Aspiring physician explores the many levels of human health

It was her childhood peanut allergy that first sparked senior Ayesha Ng’s fascination with the human body. “To see this severe reaction happen to my body and not know what was happening — that made me a lot more curious about biology and living systems,” Ng says.

She didn’t exactly plan it this way. But in her three and a half years at MIT, Ng, a biology and cognitive and brain sciences double major from the Los Angeles, California area, has conducted research and taken classes examining just about every level of human health — from cellular to societal.

Most recently, her passion for medicine and health equity led her to the National Foundation for the Centers for Disease Control and Prevention (CDC), where, this summer, she worked to develop guidelines for addressing health disparities on state and local health jurisdictions’ Covid-19 data dashboards. Now, as an aspiring physician amidst the medical school application process, Ng has a sense of how microbiological, physiological, and social systems interact to affect a person’s health.

Starting small

Throughout her entire first year at MIT, Ng studied the biology of health at a cellular level. Specifically, she researched the effects of fasting and aging on regeneration of intestinal stem cells, which are located in the human intestinal crypts and continuously self-divide and reproduce. Understanding these metabolic mechanisms is crucial, as their deregulation can lead to age-associated diseases such as cancer.

“That experience allowed me to broaden my technical skills, just getting used to so many different types of molecular biological techniques right away, which I really appreciated,” Ng says of her time at the Whitehead Institute for Biomedical Research in Professor David Sabatini’s lab.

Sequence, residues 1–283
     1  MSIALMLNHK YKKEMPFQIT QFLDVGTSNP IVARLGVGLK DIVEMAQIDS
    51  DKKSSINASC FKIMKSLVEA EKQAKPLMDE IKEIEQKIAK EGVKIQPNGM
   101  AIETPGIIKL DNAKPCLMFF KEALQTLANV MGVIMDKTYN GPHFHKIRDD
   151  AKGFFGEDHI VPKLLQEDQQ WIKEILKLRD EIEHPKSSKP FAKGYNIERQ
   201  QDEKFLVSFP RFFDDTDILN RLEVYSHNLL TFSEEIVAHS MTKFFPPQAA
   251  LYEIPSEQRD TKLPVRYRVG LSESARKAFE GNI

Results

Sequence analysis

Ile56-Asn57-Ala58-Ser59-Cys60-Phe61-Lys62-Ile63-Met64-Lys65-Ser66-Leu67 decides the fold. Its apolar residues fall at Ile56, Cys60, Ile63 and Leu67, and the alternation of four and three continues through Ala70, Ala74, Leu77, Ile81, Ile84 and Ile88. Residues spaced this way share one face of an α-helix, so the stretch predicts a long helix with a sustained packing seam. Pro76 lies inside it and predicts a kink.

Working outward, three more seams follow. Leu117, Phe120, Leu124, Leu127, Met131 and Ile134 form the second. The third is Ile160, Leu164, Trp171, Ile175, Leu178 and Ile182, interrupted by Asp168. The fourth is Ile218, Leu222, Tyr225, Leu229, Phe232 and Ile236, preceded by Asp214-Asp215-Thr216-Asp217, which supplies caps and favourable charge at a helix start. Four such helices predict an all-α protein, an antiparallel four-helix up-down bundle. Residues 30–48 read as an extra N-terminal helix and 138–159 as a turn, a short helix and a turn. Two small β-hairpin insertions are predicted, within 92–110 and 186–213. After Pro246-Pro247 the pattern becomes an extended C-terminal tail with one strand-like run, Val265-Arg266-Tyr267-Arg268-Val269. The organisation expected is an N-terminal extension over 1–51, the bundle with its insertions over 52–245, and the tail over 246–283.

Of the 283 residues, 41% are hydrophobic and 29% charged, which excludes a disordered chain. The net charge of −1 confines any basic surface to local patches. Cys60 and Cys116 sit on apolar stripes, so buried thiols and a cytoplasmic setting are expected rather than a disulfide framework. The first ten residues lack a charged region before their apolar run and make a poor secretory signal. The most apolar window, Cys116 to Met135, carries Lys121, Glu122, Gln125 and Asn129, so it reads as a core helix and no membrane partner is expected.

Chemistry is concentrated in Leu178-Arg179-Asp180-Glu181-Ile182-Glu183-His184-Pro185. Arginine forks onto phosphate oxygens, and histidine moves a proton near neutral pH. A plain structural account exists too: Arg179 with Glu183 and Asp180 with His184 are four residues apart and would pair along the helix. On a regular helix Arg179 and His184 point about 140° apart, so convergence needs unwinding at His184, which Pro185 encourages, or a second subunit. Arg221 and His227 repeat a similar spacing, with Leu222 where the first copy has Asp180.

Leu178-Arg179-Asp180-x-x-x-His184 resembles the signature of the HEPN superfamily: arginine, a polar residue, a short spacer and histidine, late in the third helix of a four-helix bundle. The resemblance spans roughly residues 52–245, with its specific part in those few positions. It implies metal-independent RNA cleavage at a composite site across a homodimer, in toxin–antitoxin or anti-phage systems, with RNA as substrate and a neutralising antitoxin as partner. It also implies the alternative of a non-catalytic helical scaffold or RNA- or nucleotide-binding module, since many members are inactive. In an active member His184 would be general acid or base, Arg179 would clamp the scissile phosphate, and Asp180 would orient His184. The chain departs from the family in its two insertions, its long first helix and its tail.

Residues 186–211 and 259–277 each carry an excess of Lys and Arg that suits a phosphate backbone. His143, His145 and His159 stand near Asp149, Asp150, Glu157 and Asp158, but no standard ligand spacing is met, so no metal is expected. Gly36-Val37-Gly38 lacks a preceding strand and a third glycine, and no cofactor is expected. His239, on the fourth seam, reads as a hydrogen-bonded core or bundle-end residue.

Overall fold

“After some time, I realized that I also wanted to also study sciences at a broader, more macro level, instead of only the microbiology and molecular biology that we were studying in Course 7,” Ng says of her biology major.

In addition to studying the biology of cancer, Ng had developed a curiosity about the human brain and how it functions. “I was really interested in that, because my grandpa has dementia,” Ng says.

Seeing her grandfather’s cognitive decline, she was inspired to become involved in MIT BrainTrust, a student organization that offers a social support network for individuals from around the Boston, Massachusetts area who have brain injuries. “We have these meetings, in which I serve as one of only one or two students there to facilitate a safe space where we can have all these individuals with brain injury gather,” Ng says of the peer-support aspect of the program. “They can really share their mutual challenges and experiences.”

Investigating the brain

To pursue her interest in brain research and the societal impact of brain injuries, Ng traveled to the University of Hong Kong the summer after her first year as an…


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